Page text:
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Asian American Policy Review

Topic / Gender, Race and Identity

Reclaim Our Power: Principles for Utility Justice in California

This piece was published in the 30th print volume of the Asian American Policy Review.

As artists and activists whose families have been impacted by the California wildfires and Pacific Gas and Electric’s utility shut- offs, we are inspired by the recently launched “Reclaim Our Power!” utility justice campaign led by Asian Pacific Environmental Network (APEN), California Environmental Justice Alliance (CEJA), Local Clean Energy Alliance (LCEA), Movement Generation, North Bay Organizing Project, and People Organizing to Defend Environmental and Economic Justice (PODER).

Uniting  the  communities  who have been disproportionately burdened by the impacts of California’s dangerous and polluting energy system, the campaign demands “a safe, reliable worker- and community-owned energy system that benefits all Californians, especially the people most harmed by PG&E.”[i] We designed ten comic-style images that illustrate the Reclaim Our Power! campaign’s ten core principles to achieve an energy transition that is grounded in justice.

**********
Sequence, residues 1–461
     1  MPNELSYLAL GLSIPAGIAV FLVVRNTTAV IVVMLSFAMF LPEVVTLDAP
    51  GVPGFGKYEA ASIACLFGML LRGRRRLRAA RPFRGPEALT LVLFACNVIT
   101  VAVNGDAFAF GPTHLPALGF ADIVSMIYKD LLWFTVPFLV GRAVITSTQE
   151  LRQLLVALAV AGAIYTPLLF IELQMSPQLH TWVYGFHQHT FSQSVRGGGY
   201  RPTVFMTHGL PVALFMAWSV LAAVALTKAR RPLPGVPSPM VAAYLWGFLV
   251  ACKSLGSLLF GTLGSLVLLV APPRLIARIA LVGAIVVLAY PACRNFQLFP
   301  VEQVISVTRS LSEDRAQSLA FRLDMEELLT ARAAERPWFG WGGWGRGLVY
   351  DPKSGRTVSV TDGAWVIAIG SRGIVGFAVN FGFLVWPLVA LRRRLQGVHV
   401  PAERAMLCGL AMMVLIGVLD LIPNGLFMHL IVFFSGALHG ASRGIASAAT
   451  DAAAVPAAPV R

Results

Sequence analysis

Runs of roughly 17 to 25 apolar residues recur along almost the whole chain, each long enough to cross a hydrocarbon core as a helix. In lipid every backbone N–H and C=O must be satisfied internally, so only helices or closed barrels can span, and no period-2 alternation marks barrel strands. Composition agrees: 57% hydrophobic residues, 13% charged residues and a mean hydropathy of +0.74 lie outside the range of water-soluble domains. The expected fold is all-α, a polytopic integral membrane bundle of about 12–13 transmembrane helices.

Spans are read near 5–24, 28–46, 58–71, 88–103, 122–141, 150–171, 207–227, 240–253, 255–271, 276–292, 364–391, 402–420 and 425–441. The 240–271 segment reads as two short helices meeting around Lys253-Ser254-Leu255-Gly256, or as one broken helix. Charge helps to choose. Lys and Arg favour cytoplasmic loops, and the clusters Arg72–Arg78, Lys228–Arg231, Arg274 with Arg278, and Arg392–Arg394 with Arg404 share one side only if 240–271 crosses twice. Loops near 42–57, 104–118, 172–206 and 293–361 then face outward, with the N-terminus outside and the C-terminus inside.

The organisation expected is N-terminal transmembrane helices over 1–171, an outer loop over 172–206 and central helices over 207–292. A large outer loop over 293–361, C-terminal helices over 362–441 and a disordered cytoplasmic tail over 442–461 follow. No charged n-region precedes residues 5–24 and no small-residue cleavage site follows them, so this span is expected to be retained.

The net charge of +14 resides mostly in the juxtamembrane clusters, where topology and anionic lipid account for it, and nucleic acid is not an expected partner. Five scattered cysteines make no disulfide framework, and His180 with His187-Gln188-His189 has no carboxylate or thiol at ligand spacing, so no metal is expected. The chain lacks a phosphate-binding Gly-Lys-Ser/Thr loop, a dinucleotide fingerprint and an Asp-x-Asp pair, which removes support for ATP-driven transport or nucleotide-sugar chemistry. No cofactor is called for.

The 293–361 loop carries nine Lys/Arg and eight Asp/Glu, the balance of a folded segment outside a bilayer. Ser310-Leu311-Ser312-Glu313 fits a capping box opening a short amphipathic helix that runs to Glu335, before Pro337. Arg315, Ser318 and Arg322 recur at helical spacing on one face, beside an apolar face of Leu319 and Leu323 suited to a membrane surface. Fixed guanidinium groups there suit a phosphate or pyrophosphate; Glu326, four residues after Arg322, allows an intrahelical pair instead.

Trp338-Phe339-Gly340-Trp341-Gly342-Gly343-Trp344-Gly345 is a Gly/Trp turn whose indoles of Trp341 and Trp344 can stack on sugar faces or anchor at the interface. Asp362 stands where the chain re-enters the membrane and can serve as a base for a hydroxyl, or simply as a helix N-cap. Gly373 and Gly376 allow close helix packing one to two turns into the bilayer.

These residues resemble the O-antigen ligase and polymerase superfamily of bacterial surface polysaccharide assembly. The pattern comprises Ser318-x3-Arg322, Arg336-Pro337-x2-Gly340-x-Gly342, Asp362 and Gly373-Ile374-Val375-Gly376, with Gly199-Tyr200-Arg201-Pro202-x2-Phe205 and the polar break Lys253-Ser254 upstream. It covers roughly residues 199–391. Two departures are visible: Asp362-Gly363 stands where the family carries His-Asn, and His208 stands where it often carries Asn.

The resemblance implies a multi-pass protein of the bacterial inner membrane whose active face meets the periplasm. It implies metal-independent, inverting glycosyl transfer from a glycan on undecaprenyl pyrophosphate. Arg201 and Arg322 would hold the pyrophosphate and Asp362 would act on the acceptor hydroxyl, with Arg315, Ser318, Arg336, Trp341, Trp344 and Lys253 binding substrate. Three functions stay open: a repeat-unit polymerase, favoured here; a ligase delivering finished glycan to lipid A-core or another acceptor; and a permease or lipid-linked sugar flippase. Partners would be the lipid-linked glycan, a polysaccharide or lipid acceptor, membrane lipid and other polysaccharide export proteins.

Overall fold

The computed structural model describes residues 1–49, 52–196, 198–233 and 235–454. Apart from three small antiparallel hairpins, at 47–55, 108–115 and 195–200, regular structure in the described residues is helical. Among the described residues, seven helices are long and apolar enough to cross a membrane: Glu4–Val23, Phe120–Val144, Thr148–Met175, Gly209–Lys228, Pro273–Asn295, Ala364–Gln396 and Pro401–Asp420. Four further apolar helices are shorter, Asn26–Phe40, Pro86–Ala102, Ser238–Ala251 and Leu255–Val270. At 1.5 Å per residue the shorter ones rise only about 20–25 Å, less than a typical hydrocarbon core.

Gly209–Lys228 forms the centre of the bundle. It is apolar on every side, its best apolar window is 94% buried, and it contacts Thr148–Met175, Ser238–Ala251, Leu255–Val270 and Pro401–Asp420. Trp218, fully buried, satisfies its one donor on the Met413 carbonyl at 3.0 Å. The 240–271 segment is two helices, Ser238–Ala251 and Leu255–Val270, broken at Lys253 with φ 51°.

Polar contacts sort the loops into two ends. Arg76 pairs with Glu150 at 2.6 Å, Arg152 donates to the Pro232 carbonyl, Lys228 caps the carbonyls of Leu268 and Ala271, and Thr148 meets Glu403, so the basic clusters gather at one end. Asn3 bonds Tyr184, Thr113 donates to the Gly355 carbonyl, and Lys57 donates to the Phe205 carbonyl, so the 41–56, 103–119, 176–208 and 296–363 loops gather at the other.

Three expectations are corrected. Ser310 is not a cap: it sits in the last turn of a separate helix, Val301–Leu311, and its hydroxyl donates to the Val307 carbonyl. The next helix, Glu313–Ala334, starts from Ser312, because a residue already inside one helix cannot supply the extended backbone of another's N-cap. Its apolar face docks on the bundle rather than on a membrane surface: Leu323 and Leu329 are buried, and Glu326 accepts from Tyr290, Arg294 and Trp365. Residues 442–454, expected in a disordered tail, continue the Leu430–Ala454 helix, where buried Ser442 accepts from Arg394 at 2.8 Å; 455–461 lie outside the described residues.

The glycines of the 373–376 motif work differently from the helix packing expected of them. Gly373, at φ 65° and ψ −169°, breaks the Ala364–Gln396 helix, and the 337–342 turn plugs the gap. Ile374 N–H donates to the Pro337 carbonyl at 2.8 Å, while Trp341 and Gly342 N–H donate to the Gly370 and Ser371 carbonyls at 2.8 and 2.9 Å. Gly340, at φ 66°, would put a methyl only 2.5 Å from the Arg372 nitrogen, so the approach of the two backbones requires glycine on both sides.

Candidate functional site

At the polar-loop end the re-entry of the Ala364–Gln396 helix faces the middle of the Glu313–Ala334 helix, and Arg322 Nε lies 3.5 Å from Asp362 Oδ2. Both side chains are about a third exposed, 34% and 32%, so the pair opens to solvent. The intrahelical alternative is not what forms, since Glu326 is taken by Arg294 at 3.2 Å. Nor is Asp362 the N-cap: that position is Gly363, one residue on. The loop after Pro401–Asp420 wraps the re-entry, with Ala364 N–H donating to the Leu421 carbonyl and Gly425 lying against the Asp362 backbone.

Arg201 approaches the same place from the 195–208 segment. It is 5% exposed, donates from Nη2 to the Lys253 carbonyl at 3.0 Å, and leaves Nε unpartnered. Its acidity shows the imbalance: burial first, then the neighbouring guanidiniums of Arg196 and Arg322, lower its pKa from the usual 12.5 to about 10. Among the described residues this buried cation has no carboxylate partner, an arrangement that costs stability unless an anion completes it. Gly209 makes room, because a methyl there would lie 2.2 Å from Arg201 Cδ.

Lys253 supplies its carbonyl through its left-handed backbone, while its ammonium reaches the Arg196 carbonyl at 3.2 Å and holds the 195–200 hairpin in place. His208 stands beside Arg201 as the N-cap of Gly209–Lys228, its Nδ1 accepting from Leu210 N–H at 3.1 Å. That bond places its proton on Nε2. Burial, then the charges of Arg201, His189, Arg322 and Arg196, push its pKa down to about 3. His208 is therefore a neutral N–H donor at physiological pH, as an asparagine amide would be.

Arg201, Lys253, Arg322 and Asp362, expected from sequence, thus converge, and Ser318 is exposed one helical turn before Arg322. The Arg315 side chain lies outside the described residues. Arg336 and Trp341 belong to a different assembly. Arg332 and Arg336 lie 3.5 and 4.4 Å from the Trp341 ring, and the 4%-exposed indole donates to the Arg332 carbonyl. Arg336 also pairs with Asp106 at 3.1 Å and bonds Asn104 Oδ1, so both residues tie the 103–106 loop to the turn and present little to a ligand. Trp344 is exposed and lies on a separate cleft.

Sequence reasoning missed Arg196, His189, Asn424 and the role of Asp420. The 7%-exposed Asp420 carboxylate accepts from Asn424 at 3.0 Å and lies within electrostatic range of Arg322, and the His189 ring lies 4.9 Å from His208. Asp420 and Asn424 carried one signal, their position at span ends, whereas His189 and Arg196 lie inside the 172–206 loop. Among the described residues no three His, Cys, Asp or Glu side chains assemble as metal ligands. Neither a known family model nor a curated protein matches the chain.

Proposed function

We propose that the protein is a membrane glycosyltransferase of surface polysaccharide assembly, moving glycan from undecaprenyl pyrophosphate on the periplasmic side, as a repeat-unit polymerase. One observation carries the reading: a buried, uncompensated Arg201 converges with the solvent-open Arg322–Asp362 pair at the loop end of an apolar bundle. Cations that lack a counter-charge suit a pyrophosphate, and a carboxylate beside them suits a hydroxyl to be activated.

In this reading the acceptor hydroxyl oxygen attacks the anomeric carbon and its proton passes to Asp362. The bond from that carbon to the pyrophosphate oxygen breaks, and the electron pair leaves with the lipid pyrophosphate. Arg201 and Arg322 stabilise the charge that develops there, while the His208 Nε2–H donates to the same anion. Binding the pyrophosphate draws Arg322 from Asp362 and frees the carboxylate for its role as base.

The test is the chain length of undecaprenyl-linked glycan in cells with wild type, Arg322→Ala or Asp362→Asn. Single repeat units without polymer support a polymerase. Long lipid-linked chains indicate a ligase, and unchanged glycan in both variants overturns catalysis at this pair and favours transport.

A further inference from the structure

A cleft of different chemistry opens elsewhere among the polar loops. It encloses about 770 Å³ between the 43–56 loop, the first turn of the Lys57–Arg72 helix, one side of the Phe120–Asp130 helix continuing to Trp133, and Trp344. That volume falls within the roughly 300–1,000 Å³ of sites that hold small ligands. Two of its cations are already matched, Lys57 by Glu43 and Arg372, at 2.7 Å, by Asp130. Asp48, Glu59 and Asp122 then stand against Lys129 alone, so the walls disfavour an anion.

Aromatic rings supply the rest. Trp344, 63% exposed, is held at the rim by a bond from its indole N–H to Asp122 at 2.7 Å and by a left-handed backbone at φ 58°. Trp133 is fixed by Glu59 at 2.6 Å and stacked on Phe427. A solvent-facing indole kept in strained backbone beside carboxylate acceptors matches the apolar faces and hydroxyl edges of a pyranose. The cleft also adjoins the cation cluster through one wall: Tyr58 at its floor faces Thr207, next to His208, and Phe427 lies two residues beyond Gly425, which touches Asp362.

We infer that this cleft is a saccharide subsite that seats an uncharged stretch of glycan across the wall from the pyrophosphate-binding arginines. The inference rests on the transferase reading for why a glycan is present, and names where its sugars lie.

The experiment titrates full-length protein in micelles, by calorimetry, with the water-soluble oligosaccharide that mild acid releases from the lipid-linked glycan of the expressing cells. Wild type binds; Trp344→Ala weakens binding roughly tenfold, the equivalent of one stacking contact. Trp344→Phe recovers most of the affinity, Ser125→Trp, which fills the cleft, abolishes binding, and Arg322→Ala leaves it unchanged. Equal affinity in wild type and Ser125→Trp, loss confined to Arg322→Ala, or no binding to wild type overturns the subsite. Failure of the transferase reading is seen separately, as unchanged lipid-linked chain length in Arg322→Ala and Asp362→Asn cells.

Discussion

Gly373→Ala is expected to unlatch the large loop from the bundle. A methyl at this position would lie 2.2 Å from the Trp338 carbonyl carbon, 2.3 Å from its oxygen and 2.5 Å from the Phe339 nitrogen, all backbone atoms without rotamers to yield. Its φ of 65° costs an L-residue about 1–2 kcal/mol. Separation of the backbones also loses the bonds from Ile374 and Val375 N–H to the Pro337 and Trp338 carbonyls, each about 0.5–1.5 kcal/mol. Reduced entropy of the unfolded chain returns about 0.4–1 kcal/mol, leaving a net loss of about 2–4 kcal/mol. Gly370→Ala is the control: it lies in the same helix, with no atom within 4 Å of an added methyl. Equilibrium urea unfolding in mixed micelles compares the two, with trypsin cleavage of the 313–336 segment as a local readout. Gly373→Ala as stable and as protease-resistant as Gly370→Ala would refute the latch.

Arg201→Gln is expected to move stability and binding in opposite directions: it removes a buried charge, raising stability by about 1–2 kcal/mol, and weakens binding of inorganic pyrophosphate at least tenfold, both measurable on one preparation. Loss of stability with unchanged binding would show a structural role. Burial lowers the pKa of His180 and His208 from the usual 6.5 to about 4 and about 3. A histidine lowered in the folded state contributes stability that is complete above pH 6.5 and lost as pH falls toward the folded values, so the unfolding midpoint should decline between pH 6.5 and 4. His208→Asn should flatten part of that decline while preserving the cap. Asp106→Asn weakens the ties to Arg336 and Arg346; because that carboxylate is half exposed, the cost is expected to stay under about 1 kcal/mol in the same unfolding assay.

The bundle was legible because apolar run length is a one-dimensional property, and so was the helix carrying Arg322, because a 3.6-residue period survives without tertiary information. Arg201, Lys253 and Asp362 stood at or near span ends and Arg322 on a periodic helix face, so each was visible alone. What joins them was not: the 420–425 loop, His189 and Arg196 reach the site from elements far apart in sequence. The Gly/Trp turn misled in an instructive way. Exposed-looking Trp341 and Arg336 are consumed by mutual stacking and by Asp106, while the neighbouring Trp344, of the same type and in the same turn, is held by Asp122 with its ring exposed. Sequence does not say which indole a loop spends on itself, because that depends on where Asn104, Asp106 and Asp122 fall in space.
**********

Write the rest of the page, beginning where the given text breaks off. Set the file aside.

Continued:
We chose to draw comics because the medium is creative and accessible for communicating with membership bodies of the anchor organizations, key audiences, and constituencies of the campaign including, young people, differently abled people, and low-income residents of color on the frontlines of pollution and climate change. As a medium, comics can cultivate imagination of what could be possible through images and multiple languages to activate immigrant and refugee communities.

We hope that this art can offer powerful provocations to challenge current narratives around climate justice in ways that words alone cannot. The following pages contain the images we’ve drawn in partnership with the campaign and their letter to the governor of California, calling for seats at the table to resolve the PG&E disaster. We invite you to support the campaign and learn more at


[i] “Home,” Reclaim Our Power! Campaign, 2020, accessed 17 February 2020,